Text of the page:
Mr. Segall said that he believes the plaintiffs cannot legally demonstrate that the ACA as a whole, clearly and unambiguously precludes tax credits to people who buy health insurance from federal exchanges. If a law is ambiguous or unclear, an agency’s decision must be upheld if it is reasonable, he notes. Given the structure of the ACA and its reliance on the three essential components, it is a reasonable interpretation that the statute allows for subsidies on both state and federal exchanges, Mr. Segall said.
However, King supporters argue the case should turn on the constitutional principle that neither a federal court nor an executive agency can ignore or override a law’s plain meaning.
“The U.S. Supreme Court believes in clear language, and the language in the law clearly states that the subsidies were available only to an exchange established by the state,” said Sally C. Pipes, president and CEO of the Pacific Research Institute, a San Francisco-based think tank and public policy research institute. The Institute issued a brief in support of King. “By giving subsidies [to] the 37 states that have federal exchanges or exchanges that are jointly operated, it goes against the written intent of the law.”
More than 50 friend of the court briefs have been sent to the high court in support or opposition of King, including comments from the American College of Physicians, the American Thoracic Society and the American Hospital Association. The ACP and its allies urged the court to uphold the premium subsidies created by the ACA in all states.
A Supreme Court ruling to overturn the subsidies would not only disrupt care for millions of patients, but also harm the physician-patient relationship and fuel uncompensated care, said Robert B. Doherty, ACP’s senior vice president for governmental affairs and public policy.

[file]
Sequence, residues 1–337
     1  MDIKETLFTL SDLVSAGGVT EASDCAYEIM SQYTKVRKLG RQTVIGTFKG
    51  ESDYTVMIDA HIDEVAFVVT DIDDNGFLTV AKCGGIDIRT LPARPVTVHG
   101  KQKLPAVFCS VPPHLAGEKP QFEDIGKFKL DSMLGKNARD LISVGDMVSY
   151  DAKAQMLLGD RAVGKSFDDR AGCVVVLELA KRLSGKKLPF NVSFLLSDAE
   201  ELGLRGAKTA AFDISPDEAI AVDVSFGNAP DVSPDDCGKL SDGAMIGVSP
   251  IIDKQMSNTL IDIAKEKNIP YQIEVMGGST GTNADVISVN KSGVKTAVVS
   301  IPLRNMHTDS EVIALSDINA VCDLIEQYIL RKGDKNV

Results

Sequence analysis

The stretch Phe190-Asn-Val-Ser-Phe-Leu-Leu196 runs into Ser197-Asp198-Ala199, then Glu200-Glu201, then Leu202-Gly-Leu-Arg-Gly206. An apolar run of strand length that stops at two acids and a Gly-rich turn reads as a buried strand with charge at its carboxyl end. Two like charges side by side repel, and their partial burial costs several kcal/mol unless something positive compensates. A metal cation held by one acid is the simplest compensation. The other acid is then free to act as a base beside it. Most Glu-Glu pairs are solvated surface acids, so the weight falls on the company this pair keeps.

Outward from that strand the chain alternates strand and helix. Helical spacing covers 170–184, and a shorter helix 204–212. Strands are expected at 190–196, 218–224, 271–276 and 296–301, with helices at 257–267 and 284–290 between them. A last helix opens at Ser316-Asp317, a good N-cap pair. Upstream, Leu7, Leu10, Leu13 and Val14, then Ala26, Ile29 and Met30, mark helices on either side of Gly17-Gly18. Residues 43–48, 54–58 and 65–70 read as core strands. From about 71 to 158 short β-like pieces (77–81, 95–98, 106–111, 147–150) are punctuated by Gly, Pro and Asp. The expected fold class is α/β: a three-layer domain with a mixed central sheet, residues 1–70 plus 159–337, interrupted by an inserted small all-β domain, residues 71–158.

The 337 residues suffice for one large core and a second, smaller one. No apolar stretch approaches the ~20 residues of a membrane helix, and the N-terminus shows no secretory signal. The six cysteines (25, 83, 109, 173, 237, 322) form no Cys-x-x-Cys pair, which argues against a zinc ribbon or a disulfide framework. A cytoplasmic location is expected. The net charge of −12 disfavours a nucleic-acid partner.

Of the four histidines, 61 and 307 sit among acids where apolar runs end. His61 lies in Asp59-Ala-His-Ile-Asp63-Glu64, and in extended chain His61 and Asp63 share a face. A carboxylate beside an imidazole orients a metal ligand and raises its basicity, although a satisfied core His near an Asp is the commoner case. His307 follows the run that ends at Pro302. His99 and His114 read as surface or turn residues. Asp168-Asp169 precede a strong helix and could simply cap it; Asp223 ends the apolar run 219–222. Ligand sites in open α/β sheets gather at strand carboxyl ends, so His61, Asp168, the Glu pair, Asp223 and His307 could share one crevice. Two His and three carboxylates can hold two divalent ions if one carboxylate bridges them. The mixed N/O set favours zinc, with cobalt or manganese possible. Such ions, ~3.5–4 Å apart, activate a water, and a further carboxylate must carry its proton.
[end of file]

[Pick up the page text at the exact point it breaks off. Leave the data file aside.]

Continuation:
“On a practical level, it would introduce chaos in the patient-physician relationship, especially if an adverse ruling by the Supreme Court took effect immediately, as people – including people, such as cancer patients, who are currently undergoing treatment – immediately lost their coverage, and their physicians and hospitals then have to figure out how to continue to get them the care they need without insurance,” Mr. Doherty said in an interview.
Estimates vary on how many Americans could lose subsidies in 2016 if the high court strikes down the financial assistance. An Urban Institute analysis estimated that just over 6 million people would lose coverage; one from RAND finds that individual-market enrollment would decline by an estimated 10 million people (70%). AvalereHealth found 7.5 million Americans could face a 255% rise in premiums if the Supreme Court strikes down the subsidies, according to a Feb. 26 analysis.
If the Supreme Court sides with King, a congressional fix would be imperative, ACP’s Mr. Doherty said. Another option would be for states that rely on the federal exchange to form their own exchanges in order to retain the subsidies and keep patients covered. But both options pose cost, procedural, and political challenges, Mr. Doherty said in an interview.
“The problem will be that it is hard to envision a fix that a majority of Republicans could support and that would be acceptable to Democrats and President Obama,” he said. “ … Politics being politics, we could end up with a ‘blame game’ with both sides trying to blame the other for millions of people losing health insurance coverage.”